We are only using a single pin to drive the LED array, but it’s always a good idea to set any unused PIC pins to outputs to reduce their susceptibility to static. We also disable the Analogue to Digital Converters so they don’t interfere with the Digital IO. I always include these lines at the start of every program.

// A-D Configuration : Disable and set all pins as digital I/O

ANCON0 = 0b11111111;
ANCON1 = 0b00011111;

// Set all outputs low

LATA  = 0b00000000;
LATB  = 0b00000000;
LATC  = 0b00000000;

// Enable all pins as outputs

TRISA  = 0b00000000;
TRISB  = 0b00000000;
TRISC  = 0b00000000;


3. Writing to the LEDs

A new template file, WS2812.c has been produced to write to the LED strip.

This uses a mix of C code and assembly language. C code is perfectly adequate for most applications (and an awful lot easier to write), but doesn’t allow us to fine-tune the timing of the LED serial data.

Variables are shared between the C code and assembly language by storing them at a fixed address:

unsigned char ledData[LED_ARRAY_SIZE] @0x0c03;

The C Compiler stores Unsigned char variables as a single byte. The LED data is stored as an array of 180 bytes (3 bytes of Green, Red and Blue values per LED).

Because the assembly code uses byte variables, we are limited to a maximum array size of 255 bytes, or 85 LEDs.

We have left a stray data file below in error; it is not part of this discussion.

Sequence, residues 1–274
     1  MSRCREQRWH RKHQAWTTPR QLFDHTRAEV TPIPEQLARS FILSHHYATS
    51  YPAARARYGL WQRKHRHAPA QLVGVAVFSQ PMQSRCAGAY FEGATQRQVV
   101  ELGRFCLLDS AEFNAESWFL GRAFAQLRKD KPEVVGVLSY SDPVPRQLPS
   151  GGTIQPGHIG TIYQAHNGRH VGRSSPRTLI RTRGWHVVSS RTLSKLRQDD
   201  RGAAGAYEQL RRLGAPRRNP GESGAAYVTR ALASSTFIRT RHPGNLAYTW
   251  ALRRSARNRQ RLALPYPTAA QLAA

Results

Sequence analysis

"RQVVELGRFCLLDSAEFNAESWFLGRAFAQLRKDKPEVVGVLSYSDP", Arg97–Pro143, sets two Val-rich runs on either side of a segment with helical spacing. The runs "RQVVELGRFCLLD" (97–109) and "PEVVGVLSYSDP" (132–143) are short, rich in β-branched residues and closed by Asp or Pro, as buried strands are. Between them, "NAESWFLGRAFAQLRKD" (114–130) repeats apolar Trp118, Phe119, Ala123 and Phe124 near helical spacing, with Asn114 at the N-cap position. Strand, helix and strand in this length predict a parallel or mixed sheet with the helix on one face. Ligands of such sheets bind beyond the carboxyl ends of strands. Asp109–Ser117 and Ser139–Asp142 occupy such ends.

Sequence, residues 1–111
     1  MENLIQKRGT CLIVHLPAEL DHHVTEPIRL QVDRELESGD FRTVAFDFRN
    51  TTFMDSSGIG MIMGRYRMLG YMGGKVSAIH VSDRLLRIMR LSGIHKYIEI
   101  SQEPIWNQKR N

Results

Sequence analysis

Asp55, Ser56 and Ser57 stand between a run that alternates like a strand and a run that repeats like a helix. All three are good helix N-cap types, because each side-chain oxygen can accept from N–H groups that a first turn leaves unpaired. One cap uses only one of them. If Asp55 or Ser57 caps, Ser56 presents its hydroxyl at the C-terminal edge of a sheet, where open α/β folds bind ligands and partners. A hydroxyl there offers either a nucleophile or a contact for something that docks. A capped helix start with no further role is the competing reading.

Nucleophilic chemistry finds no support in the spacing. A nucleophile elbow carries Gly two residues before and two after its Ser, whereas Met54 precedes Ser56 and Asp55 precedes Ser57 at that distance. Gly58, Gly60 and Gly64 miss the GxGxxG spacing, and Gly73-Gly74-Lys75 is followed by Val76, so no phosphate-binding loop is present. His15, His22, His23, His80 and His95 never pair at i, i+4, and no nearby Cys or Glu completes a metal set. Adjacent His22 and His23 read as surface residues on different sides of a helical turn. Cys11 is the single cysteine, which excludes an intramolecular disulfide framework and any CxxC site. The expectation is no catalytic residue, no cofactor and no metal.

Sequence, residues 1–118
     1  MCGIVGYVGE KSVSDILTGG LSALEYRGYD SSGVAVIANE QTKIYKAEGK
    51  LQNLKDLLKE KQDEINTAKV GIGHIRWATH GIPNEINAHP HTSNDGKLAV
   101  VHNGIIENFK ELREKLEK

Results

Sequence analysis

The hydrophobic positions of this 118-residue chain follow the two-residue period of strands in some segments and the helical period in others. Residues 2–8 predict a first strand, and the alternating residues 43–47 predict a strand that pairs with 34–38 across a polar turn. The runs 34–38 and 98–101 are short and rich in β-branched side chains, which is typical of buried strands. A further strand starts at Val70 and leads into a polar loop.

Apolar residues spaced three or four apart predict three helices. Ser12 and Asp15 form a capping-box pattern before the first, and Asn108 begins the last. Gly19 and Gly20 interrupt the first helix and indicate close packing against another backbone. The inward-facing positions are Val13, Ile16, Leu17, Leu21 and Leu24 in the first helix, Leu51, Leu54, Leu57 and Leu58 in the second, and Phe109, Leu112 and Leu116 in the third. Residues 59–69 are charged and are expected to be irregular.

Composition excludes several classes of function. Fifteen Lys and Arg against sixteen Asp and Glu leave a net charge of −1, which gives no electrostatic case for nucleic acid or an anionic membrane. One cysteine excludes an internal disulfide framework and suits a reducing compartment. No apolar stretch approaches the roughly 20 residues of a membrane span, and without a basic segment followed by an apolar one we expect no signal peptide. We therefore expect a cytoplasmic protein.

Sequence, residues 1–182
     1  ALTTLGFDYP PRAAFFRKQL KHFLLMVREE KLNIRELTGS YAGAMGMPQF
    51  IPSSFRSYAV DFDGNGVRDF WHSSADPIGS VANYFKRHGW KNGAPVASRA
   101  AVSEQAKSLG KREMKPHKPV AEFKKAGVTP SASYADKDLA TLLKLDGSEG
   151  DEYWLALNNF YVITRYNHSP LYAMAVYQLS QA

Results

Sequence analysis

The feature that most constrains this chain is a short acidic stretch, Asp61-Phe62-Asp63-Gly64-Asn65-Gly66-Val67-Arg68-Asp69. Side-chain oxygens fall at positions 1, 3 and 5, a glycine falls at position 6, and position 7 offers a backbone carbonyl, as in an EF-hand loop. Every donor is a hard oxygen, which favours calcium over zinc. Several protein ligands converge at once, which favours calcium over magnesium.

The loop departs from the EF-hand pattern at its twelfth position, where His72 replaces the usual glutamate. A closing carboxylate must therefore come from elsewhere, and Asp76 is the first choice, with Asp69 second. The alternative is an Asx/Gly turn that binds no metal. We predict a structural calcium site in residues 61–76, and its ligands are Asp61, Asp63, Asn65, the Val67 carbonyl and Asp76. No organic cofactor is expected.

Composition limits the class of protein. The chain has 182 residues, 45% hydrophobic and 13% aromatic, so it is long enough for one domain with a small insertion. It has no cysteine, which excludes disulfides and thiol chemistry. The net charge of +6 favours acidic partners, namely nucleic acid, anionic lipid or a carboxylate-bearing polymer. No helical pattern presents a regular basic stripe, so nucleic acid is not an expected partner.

4. The main program

This is where you can get creative!

For example the following code lights all LEDs bright red:


And this displays a rainbow:

unsigned char color = 0;
for (unsigned char led = 0; led < 60; led++)
SetColor(led, color);
color += 4;


The final results

There is a short video of it in action on YouTube : Click Here

Here is an oscilloscope screenshot showing the actual timings.

Part of the waveform being generated by the LPLC

Part of the waveform being generated by the LPLC


A “One” is high for 918 ns and low for 328 ns. A “Zero” is high for 320 ns and low for 915 ns – pretty close to the ideal timings.

There is an additional delay of approximately 500 ns between bytes.


The full source code for this project can be downloaded from here : WS2812.X

Gary Bleads G0HJQ







  1. Hey Gary,

    Your code helped in a great deal. Thanks a tonne.
    Btw i converted your ASM code to C code which is as follows:
    void WS2812WriteC(void)
    // The data pin must be low for at least 50uS to reset the LED drivers
    PIN_WS2812_LATCH = 0;

    tmpData = 0;
    ledCount = LED_ARRAY_SIZE;
    unsigned char i = 0;

    tmpData = ledData[i++];
    bitCount = 8;

    LATBbits.LATB0 = 1;

    if(tmpData & 0x80)
    tmpData = tmpData << 1;
    LATBbits.LATB0 = 0;
    LATBbits.LATB0 = 0;
    tmpData = tmpData << 1;



    Please correct me if i am wrong.

    Thanks once again.


    • Hi Nelson,

      That’s great, glad my code was of use to you.

      Thanks for the c++ translation. Have you tried it?

      I had not thought the standard c compiler would have produced good enough code to give predictable timings – unless you purchase the professional version, it inserts random instructions to slow things down but if you have tried it, that’s great. It will save me a lot of work.

      I’m on holiday at the moment, but will try it out when I get home in a couple of weeks and check the timings on my oscilloscope.